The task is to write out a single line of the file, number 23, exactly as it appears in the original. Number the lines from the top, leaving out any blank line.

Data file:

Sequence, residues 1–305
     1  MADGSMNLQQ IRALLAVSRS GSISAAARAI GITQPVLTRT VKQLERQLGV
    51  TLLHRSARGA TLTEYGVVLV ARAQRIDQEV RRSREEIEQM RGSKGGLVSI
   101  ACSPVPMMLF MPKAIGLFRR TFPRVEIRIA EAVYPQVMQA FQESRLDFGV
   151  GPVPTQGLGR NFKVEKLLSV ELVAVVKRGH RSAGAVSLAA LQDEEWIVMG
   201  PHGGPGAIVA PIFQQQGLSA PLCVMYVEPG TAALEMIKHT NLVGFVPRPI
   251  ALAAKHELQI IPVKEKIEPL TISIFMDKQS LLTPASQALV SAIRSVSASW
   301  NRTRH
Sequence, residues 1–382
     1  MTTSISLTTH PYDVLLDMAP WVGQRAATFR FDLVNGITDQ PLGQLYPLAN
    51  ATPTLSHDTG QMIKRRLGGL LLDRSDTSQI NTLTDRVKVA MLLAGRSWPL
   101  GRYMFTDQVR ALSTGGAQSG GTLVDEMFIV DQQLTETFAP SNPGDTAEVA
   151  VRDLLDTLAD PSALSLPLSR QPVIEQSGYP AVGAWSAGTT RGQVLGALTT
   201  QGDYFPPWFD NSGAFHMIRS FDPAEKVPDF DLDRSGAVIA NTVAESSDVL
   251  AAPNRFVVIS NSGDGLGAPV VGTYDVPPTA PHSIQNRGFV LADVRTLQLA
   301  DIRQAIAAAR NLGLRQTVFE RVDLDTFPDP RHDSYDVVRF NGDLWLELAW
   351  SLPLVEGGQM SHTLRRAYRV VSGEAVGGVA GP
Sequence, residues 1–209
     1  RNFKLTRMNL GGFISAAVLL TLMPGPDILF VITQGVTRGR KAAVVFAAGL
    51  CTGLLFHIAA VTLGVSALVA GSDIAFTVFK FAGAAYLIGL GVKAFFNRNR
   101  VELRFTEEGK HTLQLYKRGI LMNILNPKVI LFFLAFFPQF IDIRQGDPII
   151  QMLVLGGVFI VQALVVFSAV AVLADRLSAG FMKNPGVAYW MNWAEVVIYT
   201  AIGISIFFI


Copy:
   201  AIGISIFFI